The sublime nature of these landscapes, which at first suspiciously confirms our own mental image of an expanding West and its bounty, are dramatically interrupted by the section of the book that directly explores the industry of mining. The first photograph after this section on industry, Stanley, Carlin, Nevada, 2012, shows a man walking on crutches crossing a railroad track, a church in the background. We travel through the boom and bust, often with precise and unambiguous metaphors, like Stanley’s amputation sequenced immediately after the extraction of resources in a vast landscape. In some ways, as Foglia’s practice has evolved to encompass new methods of picture­making and more metaphysical underpinnings, the politics of his work have become sharper and less buried in poetry.

Frontcountry by Lucas Foglia. Published by Nazraeli Press, 2014.

Can a straight photograph, one that registers a documentary intention, suggest something fundamental, even existential at stake, beyond its own conditions and veracity? Foglia’s new images, expanding from a growing archive of documentary caution, choose not to observe the attack on photographic veracity, but rather engage with the opportunity to make a new kind of image with one foot backward, one foot forward. I’m eager and willing to look at this work and engage with what I imagine are the realities of living in the communities Foglia pictures. I’m prompted to do so through the open­ended and competing contexts Foglia provides. These contexts, most of the time, are decidedly not information, which allows them to depart from the more weighted tenets of documentary hubris. Below is a conversation with Foglia conducted between February 16th and the 22nd, part of an ongoing dialog about documentary intention, photography and politics. —DANIEL SHEA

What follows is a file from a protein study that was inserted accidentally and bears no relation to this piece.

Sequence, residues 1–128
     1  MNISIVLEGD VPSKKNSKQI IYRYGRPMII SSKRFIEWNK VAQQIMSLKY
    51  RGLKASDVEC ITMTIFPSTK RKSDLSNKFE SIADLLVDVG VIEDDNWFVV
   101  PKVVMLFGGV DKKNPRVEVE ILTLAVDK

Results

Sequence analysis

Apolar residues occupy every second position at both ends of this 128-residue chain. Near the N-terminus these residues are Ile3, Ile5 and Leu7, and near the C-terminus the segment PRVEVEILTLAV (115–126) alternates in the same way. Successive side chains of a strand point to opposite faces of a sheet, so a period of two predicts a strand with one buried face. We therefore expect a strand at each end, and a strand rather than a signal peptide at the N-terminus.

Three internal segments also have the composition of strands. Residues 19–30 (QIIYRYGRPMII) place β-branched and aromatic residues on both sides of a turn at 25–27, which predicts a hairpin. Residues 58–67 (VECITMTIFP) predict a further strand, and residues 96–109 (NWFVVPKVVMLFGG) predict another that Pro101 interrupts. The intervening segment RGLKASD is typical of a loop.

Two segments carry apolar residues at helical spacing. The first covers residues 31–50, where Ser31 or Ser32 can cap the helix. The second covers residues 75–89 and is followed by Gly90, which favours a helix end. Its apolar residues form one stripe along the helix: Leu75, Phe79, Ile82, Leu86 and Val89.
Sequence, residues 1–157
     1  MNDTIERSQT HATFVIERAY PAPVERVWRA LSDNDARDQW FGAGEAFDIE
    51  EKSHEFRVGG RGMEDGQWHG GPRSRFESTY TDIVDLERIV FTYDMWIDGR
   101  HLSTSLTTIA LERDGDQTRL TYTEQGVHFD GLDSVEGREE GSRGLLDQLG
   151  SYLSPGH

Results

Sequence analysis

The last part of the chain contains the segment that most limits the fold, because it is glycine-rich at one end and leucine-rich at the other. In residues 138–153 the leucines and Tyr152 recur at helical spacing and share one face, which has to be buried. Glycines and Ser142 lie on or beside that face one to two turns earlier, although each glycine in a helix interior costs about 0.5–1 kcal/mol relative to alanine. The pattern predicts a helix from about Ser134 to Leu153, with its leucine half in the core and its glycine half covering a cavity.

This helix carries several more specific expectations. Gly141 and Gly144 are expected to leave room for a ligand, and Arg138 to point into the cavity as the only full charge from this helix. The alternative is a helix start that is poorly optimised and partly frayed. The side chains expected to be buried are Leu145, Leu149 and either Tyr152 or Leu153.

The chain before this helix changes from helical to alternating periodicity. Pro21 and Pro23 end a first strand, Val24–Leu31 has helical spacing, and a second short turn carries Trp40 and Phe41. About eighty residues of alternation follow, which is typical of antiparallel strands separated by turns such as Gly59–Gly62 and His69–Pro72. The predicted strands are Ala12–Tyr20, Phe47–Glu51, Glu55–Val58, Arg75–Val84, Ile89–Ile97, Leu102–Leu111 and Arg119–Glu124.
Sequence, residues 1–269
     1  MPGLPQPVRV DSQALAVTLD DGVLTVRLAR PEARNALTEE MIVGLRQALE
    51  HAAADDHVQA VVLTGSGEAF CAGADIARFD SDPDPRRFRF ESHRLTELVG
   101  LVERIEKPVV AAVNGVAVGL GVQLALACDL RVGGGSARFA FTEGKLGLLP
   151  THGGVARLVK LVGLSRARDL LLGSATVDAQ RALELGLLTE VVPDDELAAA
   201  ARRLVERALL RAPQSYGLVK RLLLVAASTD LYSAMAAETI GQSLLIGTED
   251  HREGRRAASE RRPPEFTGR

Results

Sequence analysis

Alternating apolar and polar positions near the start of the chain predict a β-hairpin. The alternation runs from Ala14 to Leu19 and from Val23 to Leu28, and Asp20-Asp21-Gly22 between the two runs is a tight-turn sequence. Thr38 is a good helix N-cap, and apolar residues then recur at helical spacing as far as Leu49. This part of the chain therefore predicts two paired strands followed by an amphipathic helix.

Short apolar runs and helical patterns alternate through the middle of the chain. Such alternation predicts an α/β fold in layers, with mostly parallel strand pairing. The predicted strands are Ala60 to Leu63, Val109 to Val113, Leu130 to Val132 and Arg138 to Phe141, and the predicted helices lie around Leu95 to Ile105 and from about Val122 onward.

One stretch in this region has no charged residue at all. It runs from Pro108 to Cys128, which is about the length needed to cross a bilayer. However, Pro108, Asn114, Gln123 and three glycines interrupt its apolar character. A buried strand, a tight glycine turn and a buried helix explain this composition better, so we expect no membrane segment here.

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Frontcountry by Lucas Foglia. Published by Nazraeli Press, 2014.

Daniel Shea:     When did you decide how this book would read? Did you have an idea of what the images and sequencing would look like before the book was finished?

Lucas Foglia:     The jobs and lifestyles of the people I photographed inspired the narrative of the book. In the communities I visited, the two main industries were ranching and mining. What drew me to photograph was the idea that these two very different lifestyles share and depend on the same harsh terrain.

I began editing the project in 2012, and decided that the book should open with images of cowboys and gradually show the encroachment of the mining companies. After I started to select and sequence the images, I went back to the communities I photographed for another year, until I made photographs that felt like they completed the narrative.

Frontcountry by Lucas Foglia. Published by Nazraeli Press, 2014.
DS:     Are you more rigid or relatively open while working on a project?

LF:     I like to spend time and collaborate. Some of my photographs are candid and others were suggested by the people I photographed. For instance, it was Tommy’s idea to shoot coyotes from the top of a fence pole. I try to be open to and ready for surprises. I photographed Tommy the moment before he fell off the pole.